“Each day that passes without national monument protection for numerous sacred sites and irreplaceable cultural resources risks desecration, looting, vandalism, and misinformed visitation to an area that contains the exact kind of antiquities that inspired the creation of the Antiquities Act,” the inter-tribal coalition wrote in a Sept. 22 letter to Biden. “These artifacts, considered by us to be messages our ancestors meant for us to see and incorporate as lessons into our present, are literally being erased.”
For the past four years, Bears Ears has remained in a state of bureaucratic limbo. The Bureau of Land Management has produced road signage to mark the boundaries of the monument. But those signs have been gathering dust in storage for years, illustrating the agency’s lack of direction when it comes to running a monument that is supposed to protect and celebrate the nation’s natural and cultural heritage.
Obama’s monument proclamation envisioned a significant role for the tribes in monument management. It established a Bears Ears Commission, with representation from each of the five tribes, that would provide guidance to the BLM and U.S. Forest Service on policies and planning.
But tribal engagement was largely sidelined under Trump. That administration assembled a management plan for the reduced monument with virtually no input from the five tribes, which were given a single seat on an advisory committee that has at least 10 non-tribal stakeholders.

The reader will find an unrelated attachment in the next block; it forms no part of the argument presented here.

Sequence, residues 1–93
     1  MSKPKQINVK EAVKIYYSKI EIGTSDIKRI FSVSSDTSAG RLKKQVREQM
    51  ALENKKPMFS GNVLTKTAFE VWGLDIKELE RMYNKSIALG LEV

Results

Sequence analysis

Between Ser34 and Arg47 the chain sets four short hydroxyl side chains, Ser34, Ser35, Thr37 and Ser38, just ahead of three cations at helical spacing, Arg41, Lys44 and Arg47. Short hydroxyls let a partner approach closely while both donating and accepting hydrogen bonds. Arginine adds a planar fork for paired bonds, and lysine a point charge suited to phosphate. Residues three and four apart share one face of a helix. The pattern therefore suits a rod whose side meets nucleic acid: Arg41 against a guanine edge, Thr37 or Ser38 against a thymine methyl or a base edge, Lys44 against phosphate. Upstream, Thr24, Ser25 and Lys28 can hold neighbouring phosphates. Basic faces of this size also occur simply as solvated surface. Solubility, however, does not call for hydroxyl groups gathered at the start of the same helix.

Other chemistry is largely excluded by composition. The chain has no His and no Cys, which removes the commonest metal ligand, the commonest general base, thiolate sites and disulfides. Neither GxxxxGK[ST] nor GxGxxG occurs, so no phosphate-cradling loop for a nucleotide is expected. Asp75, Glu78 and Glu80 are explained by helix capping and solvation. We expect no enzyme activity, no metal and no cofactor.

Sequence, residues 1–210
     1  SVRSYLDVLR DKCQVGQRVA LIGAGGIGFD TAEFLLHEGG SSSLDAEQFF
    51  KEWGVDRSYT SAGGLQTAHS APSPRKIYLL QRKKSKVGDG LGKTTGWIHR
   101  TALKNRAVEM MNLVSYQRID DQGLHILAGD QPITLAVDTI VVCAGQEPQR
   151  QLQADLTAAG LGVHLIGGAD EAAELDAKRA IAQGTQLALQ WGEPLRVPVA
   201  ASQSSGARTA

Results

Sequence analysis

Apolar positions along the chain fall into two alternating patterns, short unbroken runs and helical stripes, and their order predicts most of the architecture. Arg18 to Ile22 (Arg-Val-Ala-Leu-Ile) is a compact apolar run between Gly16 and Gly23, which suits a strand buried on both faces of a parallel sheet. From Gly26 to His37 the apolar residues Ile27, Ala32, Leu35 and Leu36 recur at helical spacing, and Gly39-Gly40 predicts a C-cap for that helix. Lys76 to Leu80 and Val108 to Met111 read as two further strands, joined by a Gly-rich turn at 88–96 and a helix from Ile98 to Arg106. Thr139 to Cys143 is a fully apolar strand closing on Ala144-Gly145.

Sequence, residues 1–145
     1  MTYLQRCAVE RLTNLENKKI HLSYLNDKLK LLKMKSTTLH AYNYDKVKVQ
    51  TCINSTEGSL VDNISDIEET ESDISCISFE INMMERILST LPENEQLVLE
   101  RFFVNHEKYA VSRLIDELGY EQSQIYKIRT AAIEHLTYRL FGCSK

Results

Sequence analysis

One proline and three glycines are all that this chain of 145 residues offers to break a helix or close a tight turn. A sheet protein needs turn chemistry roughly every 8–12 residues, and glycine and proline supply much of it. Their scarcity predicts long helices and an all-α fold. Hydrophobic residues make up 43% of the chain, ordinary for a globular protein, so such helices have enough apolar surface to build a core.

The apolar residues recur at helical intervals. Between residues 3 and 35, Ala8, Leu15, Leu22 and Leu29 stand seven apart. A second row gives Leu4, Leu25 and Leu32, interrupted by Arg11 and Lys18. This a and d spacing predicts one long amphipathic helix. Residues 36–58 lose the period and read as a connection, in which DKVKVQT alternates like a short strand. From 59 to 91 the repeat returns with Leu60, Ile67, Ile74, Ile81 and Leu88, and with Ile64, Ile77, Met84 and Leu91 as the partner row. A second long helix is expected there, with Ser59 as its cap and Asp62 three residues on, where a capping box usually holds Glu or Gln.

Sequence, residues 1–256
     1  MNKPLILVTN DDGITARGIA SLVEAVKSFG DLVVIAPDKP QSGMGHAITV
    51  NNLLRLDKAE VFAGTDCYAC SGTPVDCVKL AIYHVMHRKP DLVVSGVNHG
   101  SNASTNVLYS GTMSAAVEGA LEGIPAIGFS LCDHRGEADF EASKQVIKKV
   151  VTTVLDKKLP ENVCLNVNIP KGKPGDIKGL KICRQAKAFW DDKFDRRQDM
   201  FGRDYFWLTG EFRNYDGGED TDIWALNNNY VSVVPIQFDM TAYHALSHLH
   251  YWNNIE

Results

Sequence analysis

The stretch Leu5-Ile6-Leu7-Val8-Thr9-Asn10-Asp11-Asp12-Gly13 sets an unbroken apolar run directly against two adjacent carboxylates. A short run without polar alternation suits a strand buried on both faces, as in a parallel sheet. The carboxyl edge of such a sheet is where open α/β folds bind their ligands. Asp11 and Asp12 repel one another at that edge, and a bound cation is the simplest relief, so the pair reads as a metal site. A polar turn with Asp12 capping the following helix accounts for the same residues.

Biden’s anticipated announcement will fall close to Indigenous Peoples’ Day, to be celebrated globally Monday.
That timing indicates the White House intends to give Indigenous perspectives a stronger role in the management of Bears Ears than the bit part Trump extended to the tribes, according to Rep. Raul Grijalva, D-Ariz., who chairs the House Natural Resources Committee.
“It’s time to put Trump’s cynical actions in the rear-view mirror, restore rightful protections, and restart the Bears Ears co-management arrangement with the tribes who have held this place sacred since time immemorial,” Grijalva said.
The president is also expected to restore the 4,913-square-mile Northeast Canyons and Seamounts Marine National Monument that Obama designated in the Atlantic off Cape Cod and Trump later gutted.